Tenure — What is It? « phd monkey

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Tenure — What is It?

Dennis G. Jerz
April 19, 2000

Jertz, D. G. (2000). Tenure - What is it?. Seton Hill University. Retrieved from http://jerz.setonhill.edu/resources/FAQ/tenure.htm

Tenure -- What is It?

Tenure is a professor's permanent job contract, granted after a probationary period of six or seven years. A faculty member in such a probationary position is said to be in a "tenure-track appointment."

At most smaller colleges, a faculty member's eligibility for tenure is determined by first by teaching ability, second by publication record (academic or creative, depending on what the candidate was hired to teach), and third by a combination of departmental service (participation in various faculty committees) and student advising.

At larger universities, research is often considered as important as, or even more important than, teaching.

Most college teachers have earned or are about to earn their Ph.D. (Doctor of Philosophy) degrees -- the result of many years of hard (and expensive) study. The culmination of a Ph.D. program is the dissertation -- a book-length original study. Some of your college teachers may be ABD's, having completed "All But the Dissertation". At larger schools, the lower-level undergraduate courses are taught by graduate students (that is, students who are working their way towards their Ph.D.)

Many Ph.D. holders don't find tenure-track jobs until they are in their mid-thirties, after 10 or more years of racking up full-time college bills. These people won't be eligible for tenure until they are past 40. By that time, their college classmates who went to work right after graduation could have amassed 20 years of pay raises and retirement savings.

I only received my Ph.D. at age 33, and my wife is still working on hers. Although we have two kids now, we all live like students -- our living room couch is a futon and we eat from a card table. I don't really mind, because I love what I do; and I look forward to the possibility of tenure as compensation for many lean years.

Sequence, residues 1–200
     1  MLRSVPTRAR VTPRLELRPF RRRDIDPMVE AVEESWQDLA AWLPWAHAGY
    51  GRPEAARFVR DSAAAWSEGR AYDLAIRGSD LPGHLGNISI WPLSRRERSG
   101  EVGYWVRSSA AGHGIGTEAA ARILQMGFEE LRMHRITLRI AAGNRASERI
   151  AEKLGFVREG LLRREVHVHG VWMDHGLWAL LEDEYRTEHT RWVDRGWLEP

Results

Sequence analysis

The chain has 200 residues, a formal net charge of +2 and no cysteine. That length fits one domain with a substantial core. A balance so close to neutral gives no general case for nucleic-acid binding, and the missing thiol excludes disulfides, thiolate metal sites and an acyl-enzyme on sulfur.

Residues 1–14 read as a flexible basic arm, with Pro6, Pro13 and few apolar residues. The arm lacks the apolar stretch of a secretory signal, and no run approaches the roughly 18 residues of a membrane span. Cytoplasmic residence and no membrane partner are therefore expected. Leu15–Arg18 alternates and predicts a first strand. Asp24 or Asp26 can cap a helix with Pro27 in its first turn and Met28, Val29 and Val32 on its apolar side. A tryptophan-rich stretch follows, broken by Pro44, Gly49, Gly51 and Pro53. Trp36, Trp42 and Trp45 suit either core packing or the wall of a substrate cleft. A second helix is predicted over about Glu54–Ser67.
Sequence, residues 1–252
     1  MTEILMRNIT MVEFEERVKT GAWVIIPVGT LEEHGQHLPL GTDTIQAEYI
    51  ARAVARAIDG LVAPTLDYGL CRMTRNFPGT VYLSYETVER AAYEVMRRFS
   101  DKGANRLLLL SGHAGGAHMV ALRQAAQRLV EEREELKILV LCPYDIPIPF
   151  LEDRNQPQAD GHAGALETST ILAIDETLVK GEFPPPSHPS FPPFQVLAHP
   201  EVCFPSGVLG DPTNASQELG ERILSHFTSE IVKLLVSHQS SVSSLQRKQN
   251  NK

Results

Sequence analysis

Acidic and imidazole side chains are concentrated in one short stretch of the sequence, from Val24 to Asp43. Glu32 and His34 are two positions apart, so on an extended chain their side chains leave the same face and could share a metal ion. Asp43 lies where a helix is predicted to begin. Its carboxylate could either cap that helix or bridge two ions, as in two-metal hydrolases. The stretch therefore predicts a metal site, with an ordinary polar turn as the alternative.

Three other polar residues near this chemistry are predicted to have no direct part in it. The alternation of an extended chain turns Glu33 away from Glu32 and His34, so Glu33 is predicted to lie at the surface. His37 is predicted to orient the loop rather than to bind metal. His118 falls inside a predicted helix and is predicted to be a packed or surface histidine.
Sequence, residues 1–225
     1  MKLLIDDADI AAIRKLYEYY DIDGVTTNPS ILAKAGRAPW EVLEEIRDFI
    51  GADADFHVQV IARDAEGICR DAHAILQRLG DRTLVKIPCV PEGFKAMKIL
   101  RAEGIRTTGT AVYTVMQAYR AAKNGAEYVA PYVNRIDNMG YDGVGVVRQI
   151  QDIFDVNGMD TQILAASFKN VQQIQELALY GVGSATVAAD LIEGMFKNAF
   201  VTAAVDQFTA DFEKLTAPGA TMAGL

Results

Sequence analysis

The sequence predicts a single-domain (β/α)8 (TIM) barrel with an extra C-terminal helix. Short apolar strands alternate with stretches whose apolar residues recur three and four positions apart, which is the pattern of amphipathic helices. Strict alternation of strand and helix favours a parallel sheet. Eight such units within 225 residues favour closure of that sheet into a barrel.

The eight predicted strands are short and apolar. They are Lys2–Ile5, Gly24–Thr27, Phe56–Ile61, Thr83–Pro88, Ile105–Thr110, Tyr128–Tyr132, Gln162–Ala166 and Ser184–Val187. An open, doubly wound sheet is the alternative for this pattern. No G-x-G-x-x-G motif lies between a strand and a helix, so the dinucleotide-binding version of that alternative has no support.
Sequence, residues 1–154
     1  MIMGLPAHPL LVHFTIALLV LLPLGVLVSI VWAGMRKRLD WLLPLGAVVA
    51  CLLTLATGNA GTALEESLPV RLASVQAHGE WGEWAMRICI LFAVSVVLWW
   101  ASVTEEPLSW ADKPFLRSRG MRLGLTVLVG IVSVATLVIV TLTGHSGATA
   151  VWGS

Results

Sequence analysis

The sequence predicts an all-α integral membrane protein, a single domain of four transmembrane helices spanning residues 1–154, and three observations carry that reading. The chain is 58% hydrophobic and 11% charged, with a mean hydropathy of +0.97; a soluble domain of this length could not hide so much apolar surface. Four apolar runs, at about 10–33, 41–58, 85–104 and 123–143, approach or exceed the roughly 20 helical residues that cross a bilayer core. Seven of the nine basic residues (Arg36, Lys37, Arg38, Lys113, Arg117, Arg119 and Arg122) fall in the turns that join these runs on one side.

Nevertheless, several good arguments can be made against tenure.

First, some large research universities deliberately hire more tenure-track professors than they can possibly keep. At one point, one English department had ten people competing for two slots. Students suffer when professors mistrust their colleagues. Working in such environments can't be pleasant for very long. Fortunately, there is no such competition in my department.

Second, while a tenured professor can be fired for incompetence or gross misconduct, universities occasionally feel it is better just to wait for troublemakers to retire. Why? Because lawyers are always happy to sue on behalf of a fired professor. If a cost-conscious university could fire every professor who seems to be going through a slump (perhaps because he is working on one long book instead of producing several short articles a year, or perhaps because she is teaching a course on an unfamiliar subject, so that the quality of her lectures drops), then political in-fighting and personal vendettas could overshadow the long-term educational needs of students (who are largely unaware of what may be going on in the professional lives of their instructors).

A third argument against tenure is that it is not even a possibility for many college instructors. Because a university cannot lay off its tenured faculty members during periods of low enrollment, departments need a pool of expendable workers, so that they can add or cancel classes as enrollment fluctuates. The salaries of these part-time workers are lower than more experienced faculty members, so when budgets are tight, department chairs feel pressure to hire several part-time instructors instead of one tenure-track prof. Many of these instructors are happy to be given the chance to teach at all. Unfortunately, since their contracts do not include the possibility of tenure, there is no mechanism to reward them for their long-term contributions.

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